Earlier this year, I lost a home and all my possessions in a house fire.
Among all the things reduced to ash and twisted metal were 14 rifles and shotguns, dozens of bird and fish mounts, all my framed photos of family, dogs and perfect days afield, and a 15x24-inch charcoal drawing of a pond I once leased for goose hunting in the scabrock country south of town.
A photo of that drawing accompanied a story I had written for a hunting magazine, and when I saw it, I had to have the original. The beautiful gray, black and white image captured the essence of my secluded, scabrock slough far more effectively than even the best photo.
I had never owned an original painting before. The blind I wrote about in the article sat just to the left of four geese flying down the center of the picture. The small, flat-topped butte directly across the pond was where 14-year-old Max Tschabold was hiding the day he got all discombobulated, jumped the gun and flared the biggest flock of lesser Canada geese I have ever seen– an event his father, Eddie, teased him about for years.
The Pond was only a mediocre goose spot. Some years, it didn’t even have water, and it often froze up before the northern birds got down.
Sometimes a chinook wind moved in and it thawed in time for a season-ending hunt, but it was a lot more than just a place to shoot waterfowl. Friends and I put in a lot of time on that acreage even when we weren’t hunting – building blinds and moving rock.
My Lab, Sadie, was bitten by a rattlesnake on one of those forays. She survived, creating another great story.
There had been a lot of laughter and tears in that old blind on the west shore. It bore witness to tales of successes and failures, romances and births, divorces and deaths. Sadly, it is not mine to lease anymore. Gobbled up by a group with more money, it is surrounded now by ominous warnings about trespassing.
The number of friends who once hunted with me at The Pond began to dwindle shortly after I purchased the picture. Eddie had a stroke; then he had another. I tried to visit him at least once a week at the nursing home, but he was only a small shell of his former robust self – no one at home most days.
It was hard to believe he was the same laughing man who used to delight in making me spill my coffee in the blind by hissing “GET DOWN!” just as I started to pour from my thermos. He was also the one who would put a decoy on his head during a lull and waddle around in front of the blind yelling, “Here duck, here duck!”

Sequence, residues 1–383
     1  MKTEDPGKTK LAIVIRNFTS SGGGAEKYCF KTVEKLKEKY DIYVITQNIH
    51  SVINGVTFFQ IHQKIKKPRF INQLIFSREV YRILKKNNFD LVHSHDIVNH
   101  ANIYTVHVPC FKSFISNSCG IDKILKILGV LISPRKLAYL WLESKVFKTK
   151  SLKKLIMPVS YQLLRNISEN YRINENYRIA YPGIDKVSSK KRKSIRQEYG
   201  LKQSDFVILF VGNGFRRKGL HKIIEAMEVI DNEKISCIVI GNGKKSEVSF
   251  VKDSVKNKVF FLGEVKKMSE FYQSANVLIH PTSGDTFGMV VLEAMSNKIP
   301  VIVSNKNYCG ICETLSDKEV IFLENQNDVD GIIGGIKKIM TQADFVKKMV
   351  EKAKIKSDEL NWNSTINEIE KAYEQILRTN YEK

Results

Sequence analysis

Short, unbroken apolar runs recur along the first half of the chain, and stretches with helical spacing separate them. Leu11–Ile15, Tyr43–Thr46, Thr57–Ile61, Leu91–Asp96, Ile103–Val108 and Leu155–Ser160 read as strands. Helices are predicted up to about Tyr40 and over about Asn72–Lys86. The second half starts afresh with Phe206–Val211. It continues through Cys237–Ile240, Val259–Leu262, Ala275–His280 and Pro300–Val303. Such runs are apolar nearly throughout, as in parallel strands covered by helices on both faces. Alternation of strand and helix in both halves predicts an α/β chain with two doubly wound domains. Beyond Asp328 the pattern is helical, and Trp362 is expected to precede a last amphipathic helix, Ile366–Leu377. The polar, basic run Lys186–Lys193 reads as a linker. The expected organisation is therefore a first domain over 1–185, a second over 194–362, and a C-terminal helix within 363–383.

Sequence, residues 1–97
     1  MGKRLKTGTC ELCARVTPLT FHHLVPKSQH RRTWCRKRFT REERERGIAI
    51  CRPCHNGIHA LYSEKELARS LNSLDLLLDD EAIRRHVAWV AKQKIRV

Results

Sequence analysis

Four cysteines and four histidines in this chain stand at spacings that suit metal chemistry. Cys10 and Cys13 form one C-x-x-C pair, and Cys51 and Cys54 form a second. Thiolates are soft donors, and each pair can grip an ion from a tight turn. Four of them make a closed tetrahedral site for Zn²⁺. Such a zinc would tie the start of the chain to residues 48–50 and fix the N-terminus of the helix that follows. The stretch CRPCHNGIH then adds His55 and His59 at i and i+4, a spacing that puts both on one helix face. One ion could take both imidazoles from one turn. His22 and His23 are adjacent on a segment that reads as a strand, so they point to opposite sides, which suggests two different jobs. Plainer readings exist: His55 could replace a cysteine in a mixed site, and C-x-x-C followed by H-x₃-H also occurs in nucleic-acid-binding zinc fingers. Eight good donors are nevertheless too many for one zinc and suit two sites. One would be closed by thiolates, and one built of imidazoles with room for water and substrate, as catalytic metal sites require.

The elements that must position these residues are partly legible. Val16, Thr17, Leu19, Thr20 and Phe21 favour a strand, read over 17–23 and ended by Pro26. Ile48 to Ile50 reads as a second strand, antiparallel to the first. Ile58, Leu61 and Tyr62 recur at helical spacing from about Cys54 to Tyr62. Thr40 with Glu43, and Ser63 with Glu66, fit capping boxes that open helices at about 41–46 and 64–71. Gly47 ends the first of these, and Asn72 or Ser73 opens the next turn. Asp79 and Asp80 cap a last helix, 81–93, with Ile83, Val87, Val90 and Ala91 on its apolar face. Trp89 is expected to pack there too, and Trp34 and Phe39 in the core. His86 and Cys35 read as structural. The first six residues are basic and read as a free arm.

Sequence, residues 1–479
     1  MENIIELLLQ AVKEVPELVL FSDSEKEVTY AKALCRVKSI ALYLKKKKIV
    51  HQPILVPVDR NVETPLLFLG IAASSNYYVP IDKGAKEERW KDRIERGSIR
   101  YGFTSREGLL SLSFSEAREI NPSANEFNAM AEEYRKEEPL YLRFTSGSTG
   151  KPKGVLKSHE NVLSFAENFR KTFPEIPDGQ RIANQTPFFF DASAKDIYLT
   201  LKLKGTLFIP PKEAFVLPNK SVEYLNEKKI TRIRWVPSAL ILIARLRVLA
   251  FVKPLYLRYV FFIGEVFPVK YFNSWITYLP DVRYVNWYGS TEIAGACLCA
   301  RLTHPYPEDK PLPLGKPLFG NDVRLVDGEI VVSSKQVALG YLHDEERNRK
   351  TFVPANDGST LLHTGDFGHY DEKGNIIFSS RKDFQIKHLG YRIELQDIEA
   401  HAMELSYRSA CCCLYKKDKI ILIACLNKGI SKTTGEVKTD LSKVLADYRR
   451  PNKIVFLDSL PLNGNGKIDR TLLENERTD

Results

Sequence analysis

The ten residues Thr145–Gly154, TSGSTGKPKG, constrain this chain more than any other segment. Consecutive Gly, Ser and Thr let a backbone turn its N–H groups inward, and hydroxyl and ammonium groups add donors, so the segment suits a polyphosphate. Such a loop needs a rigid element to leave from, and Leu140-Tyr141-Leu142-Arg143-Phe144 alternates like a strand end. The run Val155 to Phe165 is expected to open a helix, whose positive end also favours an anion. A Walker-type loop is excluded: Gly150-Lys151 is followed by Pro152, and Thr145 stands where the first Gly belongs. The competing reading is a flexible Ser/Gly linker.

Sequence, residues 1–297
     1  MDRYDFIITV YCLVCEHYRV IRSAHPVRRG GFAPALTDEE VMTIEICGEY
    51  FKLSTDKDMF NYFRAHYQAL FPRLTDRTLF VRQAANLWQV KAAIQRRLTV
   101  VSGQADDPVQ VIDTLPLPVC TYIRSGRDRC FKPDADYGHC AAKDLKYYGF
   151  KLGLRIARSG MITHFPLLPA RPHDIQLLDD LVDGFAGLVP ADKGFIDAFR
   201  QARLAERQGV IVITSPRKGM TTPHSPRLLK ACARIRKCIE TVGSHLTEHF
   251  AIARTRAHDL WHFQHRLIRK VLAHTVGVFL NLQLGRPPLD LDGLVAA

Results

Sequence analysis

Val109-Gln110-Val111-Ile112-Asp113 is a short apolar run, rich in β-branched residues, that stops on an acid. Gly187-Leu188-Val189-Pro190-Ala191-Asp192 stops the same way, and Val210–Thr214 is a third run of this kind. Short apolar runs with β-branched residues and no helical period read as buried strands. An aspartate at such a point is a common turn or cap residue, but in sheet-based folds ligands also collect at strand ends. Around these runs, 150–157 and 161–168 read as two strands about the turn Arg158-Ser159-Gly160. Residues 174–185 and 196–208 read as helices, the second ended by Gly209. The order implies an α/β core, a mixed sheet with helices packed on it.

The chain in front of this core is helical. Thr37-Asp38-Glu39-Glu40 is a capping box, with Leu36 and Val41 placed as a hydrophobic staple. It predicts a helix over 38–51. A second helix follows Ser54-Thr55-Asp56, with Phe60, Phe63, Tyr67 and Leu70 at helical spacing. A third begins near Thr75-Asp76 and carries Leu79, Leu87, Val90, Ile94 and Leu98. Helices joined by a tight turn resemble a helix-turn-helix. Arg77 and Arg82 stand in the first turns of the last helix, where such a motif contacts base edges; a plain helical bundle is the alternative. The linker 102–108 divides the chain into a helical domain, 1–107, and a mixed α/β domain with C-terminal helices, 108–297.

Eddie and I were the same age – not young, but not ancient, either. When I was sitting across from him there in the nursing home, watching him vacantly tug at the straps holding him in his wheelchair, I wondered if there was still a kid buried inside. I wondered if he took glorious hunting trips in his mind.
Once, I walked into his room, sat down, and said, “I went to The Pond this morning, Ed.” He jerked his head up and actually seemed to focus on me. “Were they flyin’?” he asked excitedly. Just for a moment, there was a smile, an animation I had not seen for a long time.
Then, his neck became rubbery again, he looked past me to the television set above my head and began automatically clicking the remote in his lap as fast as he could push the buttons.
I think the charcoal picture of The Pond was the first time in my life I bought something I couldn’t afford and didn’t really need. And though the image is gone, the memories it evoked remain.
I had always intended to give it to my son. I figured that when I was gone, he would have the same pleasure of ownership.
“See that weedy bay to the left of the rock point?” he would have said. “I shot my first duck there. It’s only a few inches deep except in one spot where the rancher dug out an 8-foot pocket trying to find some summer water for his cattle. Dad found that pocket on his way back with my duck – one of the world’s all-time great pratfalls.”
Yes, I spent some of the most memorable days of my life out there on that muddy pond, but the home fire was unforgiving – the Great Cleanser, the Ultimate Downsizer.
With the picture gone, I can only hope the memories won’t also disappear.
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